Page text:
“Dialysis,” Lucille Clifton

after the cancer, the kidneys
refused to continue.
they closed their thousand eyes.

blood fountains from the blind man’s
arm and decorates the tile today.
somebody mops it up.

the woman who is over ninety
cries for her mother, if our dead
were here they would save us.

we are not supposed to hate
the dialysis unit. we are not
supposed to hate the universe.

this is not supposed to happen to me.
after the cancer the body refused
to lose any more. even the poisons
were claimed and kept

until they threatened to destroy
the heart they loved. in my dream
a house is burning.

something crawls out of the fire
cleansed and purified.
in my dream i call it light.

after the cancer i was so grateful
to be alive. i am alive and furious.
Blessed be even this?

“The Reassurer,” Wendell Berry

People in the throes of national prosperity, who breathe poisoned air, drink poisoned water, eat poisoned food,
who take poisoned medicines to heal them of the poisons that they breathe, drink, and eat,
such a people crave the further poison of official reassurance. It is not logical,
but it is understandable, perhaps, that they adore their President who tells them that all is well, all is better than ever.
The President reassures the farmer and his wife who
have exhausted their farm to pay for it, and have exhausted themselves to pay for it,
and have not paid for it, and have gone bankrupt for the sake of the free market, foreign trade, and the
prosperity of corporations;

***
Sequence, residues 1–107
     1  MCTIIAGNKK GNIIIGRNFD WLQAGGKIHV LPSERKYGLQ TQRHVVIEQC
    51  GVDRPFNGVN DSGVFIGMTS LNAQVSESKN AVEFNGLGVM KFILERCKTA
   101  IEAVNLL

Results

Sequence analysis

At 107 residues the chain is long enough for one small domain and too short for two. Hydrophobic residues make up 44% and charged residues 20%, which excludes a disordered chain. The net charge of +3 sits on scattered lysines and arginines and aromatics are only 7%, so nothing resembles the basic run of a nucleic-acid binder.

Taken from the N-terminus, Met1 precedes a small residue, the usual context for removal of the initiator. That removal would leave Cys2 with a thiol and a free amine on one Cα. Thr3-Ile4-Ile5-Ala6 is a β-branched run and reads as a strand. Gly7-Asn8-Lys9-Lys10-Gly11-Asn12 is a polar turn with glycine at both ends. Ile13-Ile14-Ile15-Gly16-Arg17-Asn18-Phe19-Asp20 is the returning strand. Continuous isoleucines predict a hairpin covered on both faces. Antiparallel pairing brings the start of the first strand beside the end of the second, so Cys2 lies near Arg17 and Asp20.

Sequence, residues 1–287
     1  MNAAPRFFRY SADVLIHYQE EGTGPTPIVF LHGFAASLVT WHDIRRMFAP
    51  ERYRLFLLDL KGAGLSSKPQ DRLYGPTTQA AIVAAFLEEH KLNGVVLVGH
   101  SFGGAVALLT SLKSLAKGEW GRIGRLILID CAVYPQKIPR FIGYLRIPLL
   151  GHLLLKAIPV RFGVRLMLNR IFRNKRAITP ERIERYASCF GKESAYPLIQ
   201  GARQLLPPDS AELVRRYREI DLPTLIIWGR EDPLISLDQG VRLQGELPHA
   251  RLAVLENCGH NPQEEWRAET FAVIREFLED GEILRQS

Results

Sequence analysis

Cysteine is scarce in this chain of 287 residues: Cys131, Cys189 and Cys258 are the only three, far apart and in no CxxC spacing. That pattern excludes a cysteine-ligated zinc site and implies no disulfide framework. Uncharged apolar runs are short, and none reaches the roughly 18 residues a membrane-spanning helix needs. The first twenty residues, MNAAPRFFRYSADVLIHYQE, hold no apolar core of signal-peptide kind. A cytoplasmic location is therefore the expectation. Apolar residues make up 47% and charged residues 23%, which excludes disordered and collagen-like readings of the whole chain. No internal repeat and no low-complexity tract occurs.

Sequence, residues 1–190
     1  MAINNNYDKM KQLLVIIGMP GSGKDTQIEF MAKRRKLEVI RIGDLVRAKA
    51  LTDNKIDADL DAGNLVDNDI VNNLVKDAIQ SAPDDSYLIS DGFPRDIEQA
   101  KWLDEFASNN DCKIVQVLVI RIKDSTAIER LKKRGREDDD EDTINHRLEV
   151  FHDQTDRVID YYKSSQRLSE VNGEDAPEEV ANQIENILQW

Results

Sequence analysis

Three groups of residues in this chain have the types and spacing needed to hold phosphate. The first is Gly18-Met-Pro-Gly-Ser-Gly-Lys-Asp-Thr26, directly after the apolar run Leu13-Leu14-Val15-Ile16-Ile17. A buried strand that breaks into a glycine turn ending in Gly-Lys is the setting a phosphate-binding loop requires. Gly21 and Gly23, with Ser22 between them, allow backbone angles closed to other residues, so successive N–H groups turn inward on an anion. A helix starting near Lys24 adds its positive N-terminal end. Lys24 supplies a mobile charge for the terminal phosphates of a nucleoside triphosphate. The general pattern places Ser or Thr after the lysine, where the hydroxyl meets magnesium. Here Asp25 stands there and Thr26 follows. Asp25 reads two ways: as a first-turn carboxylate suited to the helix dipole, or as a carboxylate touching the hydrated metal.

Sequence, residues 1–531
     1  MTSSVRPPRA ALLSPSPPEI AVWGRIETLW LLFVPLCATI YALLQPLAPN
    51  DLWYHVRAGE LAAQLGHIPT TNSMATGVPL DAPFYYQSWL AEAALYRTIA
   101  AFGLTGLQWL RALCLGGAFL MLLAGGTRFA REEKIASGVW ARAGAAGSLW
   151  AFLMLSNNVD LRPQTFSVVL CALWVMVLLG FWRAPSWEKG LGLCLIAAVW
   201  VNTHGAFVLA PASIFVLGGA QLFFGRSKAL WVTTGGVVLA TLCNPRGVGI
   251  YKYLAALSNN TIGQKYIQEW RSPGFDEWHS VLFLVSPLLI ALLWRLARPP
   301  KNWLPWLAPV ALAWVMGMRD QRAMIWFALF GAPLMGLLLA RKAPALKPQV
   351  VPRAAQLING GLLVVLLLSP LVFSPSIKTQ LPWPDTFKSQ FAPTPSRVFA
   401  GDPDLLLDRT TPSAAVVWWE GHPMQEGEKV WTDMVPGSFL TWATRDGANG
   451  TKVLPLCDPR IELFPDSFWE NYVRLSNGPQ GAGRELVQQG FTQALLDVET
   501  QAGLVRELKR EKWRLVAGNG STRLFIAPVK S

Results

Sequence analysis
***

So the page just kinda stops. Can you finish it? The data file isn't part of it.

he consoles the Navahos, who have been exiled from their place of exile, because the poor land contained
something required for the national prosperity,
after all; he consoles the young woman dying of cancer caused by a substance used in the normal course of national
prosperity to make red apples redder;
he consoles the couple in the Kentucky coalfields, who sit watching TV in their mobile home on the mud of
the floor of a mined-out stripmine;
from his smile they understand that the fortunate have a right to their fortunes, that the unfortunate have a right to their misfortunes, and that these are
equal rights.
The President smiles with the disarming smile of a man who has seen God, and found Him a true American,
not overbearingly smart.
The President reassures the Chairman of the Board of the Humane Health for Profit Corporation of America,
who knows in his replaceable heart that health, if it came, would bring financial ruin;
he reassures the Chairman of the Board of the Victory and Honor for Profit Corporation of America, who has been wakened in the night by a dream of the
calamity of peace.